The Other Holmes
I think, if we really looked, there would probably be almost as many adaptations of Sherlock Holmes as there are DraculaHe's the great undead fiend, the Prince of Darkness, the monster based on a real historical figure. He... is Dracula!. Both are public domain characters that have existed for at least 120 years, and both have remained popular since their creation. In the case of Sherlock, there may be even more adaptations of his character if one because he had a longer run of stories (56 stories and four novels written by Sir Arthur Conan Doyle versus the one novel, and a short story, by Bram Stoker) giving more to draw on, along with the fact that his stories weren't (generally) horror and, thus, were easier to adapt for wider audiences.
The character of Sherlock has had a long tail in media, showing up fairly regularly in every decade (we had three different adaptation series going at once recently with the Downey, Jr. Sherlock Holmes films, the Cumberbatch BBC series Sherlock, and the Miller CBS series Elementary). It feels, at any moment, like there just might be yet another Sherlock Holmes adaptation just around the corner since (generally) using the character is free (so long as you base your story on the character from his early works and not the last few stories that haven't yet entered the public domain).
NetflixOriginally started as a disc-by-mail service, Netflix has grown to be one of the largest media companies in the world (and one of the most valued internet companies as well). With a constant slate of new internet streaming-based programming that updates all the time, Netflix has redefined what it means to watch TV and films (as well as how to do it)., ever the source for new media in these COVID-related times, has yet another Sherlock Holmes-related work on offer, the recently released Enola Holmes. As the title implies, this work isn't directly about the world's most famous detective (although he is a prominent character in the story) but is heretofore unheard of sister, Enola. Based on a series of novels by Nancy Springer featuring the young girl detective, this is a YA film, through and through, just set in the 1800s instead of some random steampunk future.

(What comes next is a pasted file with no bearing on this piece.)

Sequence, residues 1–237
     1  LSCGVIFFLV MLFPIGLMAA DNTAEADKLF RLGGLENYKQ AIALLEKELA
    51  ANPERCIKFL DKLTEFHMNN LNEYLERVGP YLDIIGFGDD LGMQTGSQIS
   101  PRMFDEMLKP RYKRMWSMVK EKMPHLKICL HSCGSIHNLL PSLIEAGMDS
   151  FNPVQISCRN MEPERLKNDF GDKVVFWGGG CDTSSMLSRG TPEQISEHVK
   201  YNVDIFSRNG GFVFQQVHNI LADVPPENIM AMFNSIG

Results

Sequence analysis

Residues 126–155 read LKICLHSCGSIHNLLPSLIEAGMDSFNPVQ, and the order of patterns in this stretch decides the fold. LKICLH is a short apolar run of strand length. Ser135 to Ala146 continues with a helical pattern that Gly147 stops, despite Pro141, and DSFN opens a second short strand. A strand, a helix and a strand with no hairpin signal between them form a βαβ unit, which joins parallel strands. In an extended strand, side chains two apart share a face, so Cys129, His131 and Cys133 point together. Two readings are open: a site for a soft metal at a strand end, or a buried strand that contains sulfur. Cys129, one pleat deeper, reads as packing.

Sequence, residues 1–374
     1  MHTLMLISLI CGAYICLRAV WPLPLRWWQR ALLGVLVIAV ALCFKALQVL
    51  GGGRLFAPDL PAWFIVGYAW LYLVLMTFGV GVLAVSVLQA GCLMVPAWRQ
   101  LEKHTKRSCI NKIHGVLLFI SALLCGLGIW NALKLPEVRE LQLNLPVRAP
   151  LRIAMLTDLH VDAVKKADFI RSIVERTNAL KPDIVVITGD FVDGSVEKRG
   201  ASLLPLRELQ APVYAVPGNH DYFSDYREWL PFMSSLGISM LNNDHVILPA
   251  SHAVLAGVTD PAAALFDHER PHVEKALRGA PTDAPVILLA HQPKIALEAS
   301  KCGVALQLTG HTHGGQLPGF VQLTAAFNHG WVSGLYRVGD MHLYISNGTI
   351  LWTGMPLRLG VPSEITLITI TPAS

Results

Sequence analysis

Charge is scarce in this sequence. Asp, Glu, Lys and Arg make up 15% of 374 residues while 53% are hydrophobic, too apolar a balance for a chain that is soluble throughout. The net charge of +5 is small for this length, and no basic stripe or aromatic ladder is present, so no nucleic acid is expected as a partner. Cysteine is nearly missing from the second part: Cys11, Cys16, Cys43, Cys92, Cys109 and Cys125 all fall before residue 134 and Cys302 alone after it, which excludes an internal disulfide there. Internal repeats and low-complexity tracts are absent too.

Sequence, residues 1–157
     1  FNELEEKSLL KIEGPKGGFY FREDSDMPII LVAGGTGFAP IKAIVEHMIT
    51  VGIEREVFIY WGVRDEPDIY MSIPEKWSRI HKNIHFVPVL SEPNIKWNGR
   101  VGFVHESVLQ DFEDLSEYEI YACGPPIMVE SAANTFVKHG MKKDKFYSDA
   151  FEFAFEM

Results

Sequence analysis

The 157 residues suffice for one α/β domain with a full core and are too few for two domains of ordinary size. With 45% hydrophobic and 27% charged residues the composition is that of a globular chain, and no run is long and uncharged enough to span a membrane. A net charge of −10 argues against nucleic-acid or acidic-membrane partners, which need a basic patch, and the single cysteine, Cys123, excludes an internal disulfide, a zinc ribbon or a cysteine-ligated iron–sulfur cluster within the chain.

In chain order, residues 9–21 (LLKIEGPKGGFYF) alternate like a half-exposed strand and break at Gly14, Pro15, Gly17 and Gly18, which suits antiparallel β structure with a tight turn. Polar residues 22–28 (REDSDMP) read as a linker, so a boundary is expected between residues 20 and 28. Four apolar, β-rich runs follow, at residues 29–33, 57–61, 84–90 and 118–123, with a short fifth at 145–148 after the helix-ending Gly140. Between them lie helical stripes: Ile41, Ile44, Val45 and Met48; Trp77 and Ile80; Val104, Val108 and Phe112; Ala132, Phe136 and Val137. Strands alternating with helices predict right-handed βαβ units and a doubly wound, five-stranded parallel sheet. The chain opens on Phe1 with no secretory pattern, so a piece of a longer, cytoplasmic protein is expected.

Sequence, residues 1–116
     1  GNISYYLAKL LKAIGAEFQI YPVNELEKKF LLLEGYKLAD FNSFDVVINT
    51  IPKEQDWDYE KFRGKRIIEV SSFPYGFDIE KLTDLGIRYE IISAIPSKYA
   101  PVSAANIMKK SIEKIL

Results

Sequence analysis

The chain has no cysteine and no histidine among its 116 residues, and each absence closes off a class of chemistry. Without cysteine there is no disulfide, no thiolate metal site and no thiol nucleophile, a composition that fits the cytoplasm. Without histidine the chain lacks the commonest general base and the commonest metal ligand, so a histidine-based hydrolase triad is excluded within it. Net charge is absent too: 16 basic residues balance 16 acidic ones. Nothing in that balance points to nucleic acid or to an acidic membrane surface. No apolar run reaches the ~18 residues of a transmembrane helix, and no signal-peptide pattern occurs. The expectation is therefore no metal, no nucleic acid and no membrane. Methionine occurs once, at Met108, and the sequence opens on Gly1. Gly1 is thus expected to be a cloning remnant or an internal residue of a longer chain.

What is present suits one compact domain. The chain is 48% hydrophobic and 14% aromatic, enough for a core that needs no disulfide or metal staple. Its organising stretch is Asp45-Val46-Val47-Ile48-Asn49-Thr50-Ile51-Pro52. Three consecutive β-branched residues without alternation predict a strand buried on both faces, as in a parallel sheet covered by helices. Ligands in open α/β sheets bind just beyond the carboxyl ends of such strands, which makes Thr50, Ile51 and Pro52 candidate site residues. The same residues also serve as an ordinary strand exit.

The movie starts on the even of our lead character's 16th birthday. Over the past 16 years Enola (Millie Bobby Brown, perennial Netflix actress) has spent all her days with her mother, Eudoria (Helena Bonham Carter), at the family estate while her two older brothers, Sherlock (Henry Cavill) and Mycroft (Sam Claflin), live in the city pursuing their own lives (Sherlock as a detective, Mycroft as a government employee). However, on Enola's birthday her mother goes missing, sending Enola on the case to find the woman. This against the wishes of her eldest brother, Mycroft, who hates the way Enola was raised and would rather her be brought up in a finishing school to be a "proper lady".
Enola, though, wants none of that so she runs off, taking the money her mother hid for her and flees to London to try and track down her missing parent. Along the way she meets a young man, the Viscount Tewkesbury (Louis Partridge), and she gets wrapped up in his story. It seems that someone wants him dead, the reason for which is unknown at the time but, as it's revealed, is tied up in his newly-acquired vote in the House of Lords, Women's Suffrage, and the fate of England itself. Whatever is a young, but capable, 16-year-old to do?